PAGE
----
VTK: Lookup tables

A bright collection of sparkles.

Fifth article in a series on VTK covers lookup tables.

This is article 5 in a series on VTK. The first in this series can be found here. We discuss creating lookup tables that map model data to the colours that appear on models in visualisations.

In the last section a lookup table was used to colour polygons based on cell and node data. If you are unfamiliar with colour formats you may want to read this article on colour models for more information.

Colour can be very useful to convey information in visualisations. To set a single colour for an actor, you can use the actor.GetProperty().SetColor(r, g, b) command. This will set the entire model to a single colour defined by the (r, g, b) values provided.

For scientific visualisations you will want to draw objects in different colours to communicate information about the data associated with the model. In VTK the lookup table is the object that maps scalar values to colours. The analyst modifies the lookup table to adjust the colour scheme or otherwise control how scalar values are mapped to colours to represent data.

A lookup table for polygon data is created using lut = vtk.vtkPolyDataMapper(). The lookup table is associated with a model through the mapper object. The method .SetLookupTable(lut) connects the lookup table lut to the mapper. Further, the method .SetUseLookupTableScalarRange(True) needs to be called on the mapper. This causes the mapper to use the same range as that used by the lookup table. Not using this method will cause the mapper to override the range set in the lookup table which is probably not what you want.

No matter the parameters used in a lookup table, it is necessary to call the .Build() method. This updates the lookup table to reflect the updated settings.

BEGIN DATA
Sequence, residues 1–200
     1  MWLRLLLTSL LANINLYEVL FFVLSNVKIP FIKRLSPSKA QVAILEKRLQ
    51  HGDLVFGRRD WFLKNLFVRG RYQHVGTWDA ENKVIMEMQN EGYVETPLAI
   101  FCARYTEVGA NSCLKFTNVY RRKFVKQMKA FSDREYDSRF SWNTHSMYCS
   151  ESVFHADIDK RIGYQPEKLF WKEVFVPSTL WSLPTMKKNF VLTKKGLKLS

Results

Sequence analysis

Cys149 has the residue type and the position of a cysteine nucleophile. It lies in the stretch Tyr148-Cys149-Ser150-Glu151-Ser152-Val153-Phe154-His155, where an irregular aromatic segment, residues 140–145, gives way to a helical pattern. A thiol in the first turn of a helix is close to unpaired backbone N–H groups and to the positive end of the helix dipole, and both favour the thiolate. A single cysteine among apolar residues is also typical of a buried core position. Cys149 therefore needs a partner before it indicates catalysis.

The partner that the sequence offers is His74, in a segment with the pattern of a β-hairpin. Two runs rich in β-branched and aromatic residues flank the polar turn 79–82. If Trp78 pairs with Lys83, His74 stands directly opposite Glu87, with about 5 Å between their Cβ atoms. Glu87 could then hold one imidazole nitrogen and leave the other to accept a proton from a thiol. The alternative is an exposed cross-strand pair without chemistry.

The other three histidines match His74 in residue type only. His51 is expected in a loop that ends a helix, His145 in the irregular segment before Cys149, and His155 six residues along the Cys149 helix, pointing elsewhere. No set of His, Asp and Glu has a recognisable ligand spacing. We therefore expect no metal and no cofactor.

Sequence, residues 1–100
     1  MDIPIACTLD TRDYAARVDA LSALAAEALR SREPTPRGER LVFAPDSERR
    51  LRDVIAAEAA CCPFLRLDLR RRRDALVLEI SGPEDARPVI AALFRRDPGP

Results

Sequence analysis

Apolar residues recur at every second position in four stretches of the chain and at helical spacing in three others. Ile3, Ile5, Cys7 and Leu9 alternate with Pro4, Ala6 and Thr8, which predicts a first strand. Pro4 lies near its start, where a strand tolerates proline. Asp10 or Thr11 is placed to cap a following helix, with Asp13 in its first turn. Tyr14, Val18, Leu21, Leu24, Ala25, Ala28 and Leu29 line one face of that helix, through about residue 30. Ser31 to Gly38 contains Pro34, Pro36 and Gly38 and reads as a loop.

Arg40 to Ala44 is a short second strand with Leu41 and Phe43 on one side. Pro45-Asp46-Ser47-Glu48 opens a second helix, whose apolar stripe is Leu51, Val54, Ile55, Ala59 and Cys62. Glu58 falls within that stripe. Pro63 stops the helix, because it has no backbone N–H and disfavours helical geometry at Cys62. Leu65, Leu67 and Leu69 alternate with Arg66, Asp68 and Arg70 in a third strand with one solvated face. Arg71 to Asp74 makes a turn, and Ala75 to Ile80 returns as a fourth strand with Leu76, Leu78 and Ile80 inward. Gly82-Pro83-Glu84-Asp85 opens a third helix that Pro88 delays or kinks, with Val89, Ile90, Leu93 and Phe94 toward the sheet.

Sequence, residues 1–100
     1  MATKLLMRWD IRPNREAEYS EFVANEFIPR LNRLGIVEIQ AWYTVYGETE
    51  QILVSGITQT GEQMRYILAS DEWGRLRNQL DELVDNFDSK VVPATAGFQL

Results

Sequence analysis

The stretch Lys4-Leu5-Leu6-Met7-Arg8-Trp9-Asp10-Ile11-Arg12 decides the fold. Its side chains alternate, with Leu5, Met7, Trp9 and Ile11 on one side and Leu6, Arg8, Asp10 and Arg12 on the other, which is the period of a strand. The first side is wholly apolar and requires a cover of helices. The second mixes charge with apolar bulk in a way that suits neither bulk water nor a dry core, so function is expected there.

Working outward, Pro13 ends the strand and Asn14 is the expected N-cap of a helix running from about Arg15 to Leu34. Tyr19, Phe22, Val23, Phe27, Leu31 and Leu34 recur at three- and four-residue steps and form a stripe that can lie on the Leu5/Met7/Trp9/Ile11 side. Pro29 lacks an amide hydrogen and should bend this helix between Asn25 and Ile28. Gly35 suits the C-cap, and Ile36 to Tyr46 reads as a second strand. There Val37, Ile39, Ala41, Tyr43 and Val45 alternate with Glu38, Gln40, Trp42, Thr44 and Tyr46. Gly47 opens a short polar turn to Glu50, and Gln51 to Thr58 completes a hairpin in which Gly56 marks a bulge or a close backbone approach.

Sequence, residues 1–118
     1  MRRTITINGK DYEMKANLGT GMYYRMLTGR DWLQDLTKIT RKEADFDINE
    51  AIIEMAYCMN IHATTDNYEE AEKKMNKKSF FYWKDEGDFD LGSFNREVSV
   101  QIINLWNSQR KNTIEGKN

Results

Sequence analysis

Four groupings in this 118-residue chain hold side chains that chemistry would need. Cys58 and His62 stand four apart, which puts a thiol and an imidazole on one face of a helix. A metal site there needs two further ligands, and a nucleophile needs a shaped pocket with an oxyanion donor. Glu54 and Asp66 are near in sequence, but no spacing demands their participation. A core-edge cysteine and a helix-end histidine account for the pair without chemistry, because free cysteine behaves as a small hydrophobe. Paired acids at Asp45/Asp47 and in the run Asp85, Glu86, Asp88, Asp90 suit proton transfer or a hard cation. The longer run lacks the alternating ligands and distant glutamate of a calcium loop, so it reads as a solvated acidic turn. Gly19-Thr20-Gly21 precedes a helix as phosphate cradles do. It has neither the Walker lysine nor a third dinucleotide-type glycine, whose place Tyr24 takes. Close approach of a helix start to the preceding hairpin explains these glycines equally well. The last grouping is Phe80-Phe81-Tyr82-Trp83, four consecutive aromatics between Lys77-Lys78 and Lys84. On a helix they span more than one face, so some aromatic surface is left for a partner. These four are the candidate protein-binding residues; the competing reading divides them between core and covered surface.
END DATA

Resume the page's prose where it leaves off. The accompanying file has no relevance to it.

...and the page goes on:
We continue in the next example showing how to achieve different results by tweaking lookup table settings.

Default lookup tables

By default a lookup table will use the rainbow range of colours which often appear on scientific visualisations. These colours are approximately red, yellow, green, aqua, blue, with red mapped to the lower end of the table’s range and blue at the upper end.

The range for a lookup table is set with the method .SetTableRange(low, high). By default values above or below this range will be shown with the same colour as the nearest value in the range, e.g., a value of 400 for a table with range [500, 600] would have the same colour as a value of 500. It is possible to set custom colours for values outside the range using the methods .SetAboveRangeColor(colour) and .SetBelowRangeColor(colour). Here colour is a list of 4 values, the usual 3 RGB values plus an alpha channel. No matter whether one or both of these methods have been called, it is possible to control whether this feature—​using a custom colour for values outside the range—​is activated with these 4 methods:

  • .UseBelowRangeColorOn()

  • .UseBelowRangeColorOff()

  • .UseAboveRangeColorOn()

  • .UseAboveRangeColorOff()

The feature is off by default so must be activated.

Custom colour ranges for gradients

Although the default rainbow colour scheme is useful in most cases, it is possible to customise how colours are mapped. This can be done by constraining the range for hue, saturation, or value of the resulting colours. The methods for this are:

  • .SetHueRange(low, high)

  • .SetSaturationRange(low, high)

  • .SetValueRange(low, high)

If low and high are the same value the corresponding parameter is fixed and does not vary with input data.

Different effects can be created by fixing some of the 3 parameters of the HSV model while allowing others to vary. By default the saturation and value are fixed at the maximum of 1.0 while the hue varies with input data. The result is the rainbow colour gradient described above.

The example below creates a greyscale colour map that varies with input value. The hue is fixed at an arbitrary number, the saturation is set to 0.0, and the value varies.

lut.SetHueRange(0.5, 0.5)
lut.SetSaturationRange(0.0, 0.0)
lut.SetValueRange(0.25, 1.0)

Creating arbitrary colour mappings

The previous examples have set parameters on the default lookup table provided by VTK. The first was the default rainbow lookup table. The second modified the ranges of the 3 HSV parameters to provide a particular greyscale effect.

VTK allows complete control over the lookup table. You can create any arbitrary mapping of values to colours. This requires individually specifying each mapping from value → colour.